The FOMC – No Surprises

Robert Eisenbeis, Ph.D.
Fri Feb 2, 2024

It should have been no surprise that the FOMC decided at its first meeting of 2024 to hold rates constant. Its rationale was based upon a moderating but strong labor market, a low unemployment rate, an expanding economy, and a slowing inflation rate, but still above target. Against this background, the Committee noted in its statement that the risks to achieving its dual employment objectives and inflation goal had moved into better balance. Markets had seemingly priced in near-term rate cuts and were disappointed that Chairman Powell, at the post-meeting press conference, put a damper on that expectation.


Powell began the press conference by stating that the Committee would not begin cutting rates until it was “confident” that the economy was on a path towards 2% inflation and full employment. A great deal of the subsequent Q&A focused on what kinds of evidence over what period of time would be required to ensure “greater confidence” that policy was on the desired path. In response, Powell declined to give specific numbers or time periods to obtain that confidence but instead pointed to evidence from incoming data, though the exact timing was considerably uncertain. For example, if incoming inflation data declined significantly, then cuts might come sooner. Conversely, if inflation plateaued or increased, then cuts might be delayed. Similarly, if there was significant evidence that unemployment suddenly increased or there was evidence of significant weakness in labor markets, then cuts might come sooner. Powell did, however, suggest that March would be too soon. Additionally, when it came to the three cuts that were penciled in for 2024, Powell did state that those were in the December SEPs, which were prepared when participants expected growth in Q4 2023 to be slower than it subsequently turned out to be. The March 2024 SEPs might reflect a different view on timing if growth continues to be strong.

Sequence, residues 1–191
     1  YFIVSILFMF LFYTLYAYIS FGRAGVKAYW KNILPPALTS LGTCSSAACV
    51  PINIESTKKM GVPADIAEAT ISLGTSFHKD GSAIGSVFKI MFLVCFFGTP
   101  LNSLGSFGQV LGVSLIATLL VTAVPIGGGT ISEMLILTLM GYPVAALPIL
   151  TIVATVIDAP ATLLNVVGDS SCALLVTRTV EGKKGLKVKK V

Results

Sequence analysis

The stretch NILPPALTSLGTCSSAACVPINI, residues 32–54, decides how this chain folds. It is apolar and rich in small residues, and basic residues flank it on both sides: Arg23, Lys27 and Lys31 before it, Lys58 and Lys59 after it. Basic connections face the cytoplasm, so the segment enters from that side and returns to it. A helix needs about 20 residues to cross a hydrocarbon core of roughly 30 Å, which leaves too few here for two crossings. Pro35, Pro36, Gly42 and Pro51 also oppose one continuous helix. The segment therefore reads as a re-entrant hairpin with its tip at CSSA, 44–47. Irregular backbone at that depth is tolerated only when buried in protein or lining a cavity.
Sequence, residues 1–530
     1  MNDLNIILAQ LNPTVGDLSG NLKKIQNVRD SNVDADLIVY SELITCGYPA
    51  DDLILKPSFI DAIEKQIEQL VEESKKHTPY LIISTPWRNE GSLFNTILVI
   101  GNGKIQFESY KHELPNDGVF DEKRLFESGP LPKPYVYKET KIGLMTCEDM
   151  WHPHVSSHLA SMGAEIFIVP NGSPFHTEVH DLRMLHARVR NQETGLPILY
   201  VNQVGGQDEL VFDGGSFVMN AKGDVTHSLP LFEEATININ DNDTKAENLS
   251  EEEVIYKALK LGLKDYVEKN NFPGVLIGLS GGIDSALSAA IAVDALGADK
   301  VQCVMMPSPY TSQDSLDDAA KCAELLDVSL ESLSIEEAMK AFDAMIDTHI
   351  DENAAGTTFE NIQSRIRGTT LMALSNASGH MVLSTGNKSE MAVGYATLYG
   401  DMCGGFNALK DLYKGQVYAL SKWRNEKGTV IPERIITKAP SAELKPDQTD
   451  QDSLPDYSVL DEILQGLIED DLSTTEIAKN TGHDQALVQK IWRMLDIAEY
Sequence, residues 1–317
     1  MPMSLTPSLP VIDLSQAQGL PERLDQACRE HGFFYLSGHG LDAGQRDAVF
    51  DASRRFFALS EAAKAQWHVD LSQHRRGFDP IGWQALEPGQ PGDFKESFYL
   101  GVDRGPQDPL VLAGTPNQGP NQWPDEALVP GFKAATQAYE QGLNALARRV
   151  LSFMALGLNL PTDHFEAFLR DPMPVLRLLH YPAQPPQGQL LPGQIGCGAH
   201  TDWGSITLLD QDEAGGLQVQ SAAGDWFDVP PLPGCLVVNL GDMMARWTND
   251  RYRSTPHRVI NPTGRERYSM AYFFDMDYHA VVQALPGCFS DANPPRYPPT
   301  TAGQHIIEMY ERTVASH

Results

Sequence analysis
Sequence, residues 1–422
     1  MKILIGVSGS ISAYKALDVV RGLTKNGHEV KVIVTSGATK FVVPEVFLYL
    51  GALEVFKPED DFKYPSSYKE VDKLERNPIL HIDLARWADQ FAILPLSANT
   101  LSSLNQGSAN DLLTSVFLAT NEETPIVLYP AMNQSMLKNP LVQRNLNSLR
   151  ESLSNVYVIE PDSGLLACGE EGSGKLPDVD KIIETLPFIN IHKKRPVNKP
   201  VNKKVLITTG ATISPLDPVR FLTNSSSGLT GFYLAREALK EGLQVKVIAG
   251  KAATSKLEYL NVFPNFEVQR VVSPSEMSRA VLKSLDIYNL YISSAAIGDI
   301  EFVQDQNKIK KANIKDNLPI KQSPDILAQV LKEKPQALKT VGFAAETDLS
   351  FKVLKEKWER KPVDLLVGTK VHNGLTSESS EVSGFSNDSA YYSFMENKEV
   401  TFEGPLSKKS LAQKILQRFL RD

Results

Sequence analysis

On another matter, how tight policy was judged to be would be based upon both the policy rate and the Fed’s decision to continue to let its portfolio run off. Powell indicated that continued runoff combined with a steady policy rate could still be viewed as a marginal policy tightening. The issue of runoff and how large the portfolio should be are issues that will be briefed and discussed at the upcoming March FOMC meeting.
The bottom line of the meeting and press conference was that more data and continued progress on inflation were required before the Committee could be “confident” that policy was on the correct path and begin to contemplate when policy might begin to be loosened. Right now, while the risks to inflation and employment are in better balance, considerable uncertainty remains as to how the economy might evolve. When questioned, Powell firmly stated that it was as yet too soon to declare that a soft landing had been achieved.

Robert Eisenbeis, Ph.D.
Vice Chairman & Chief Monetary Economist
Email | Bio


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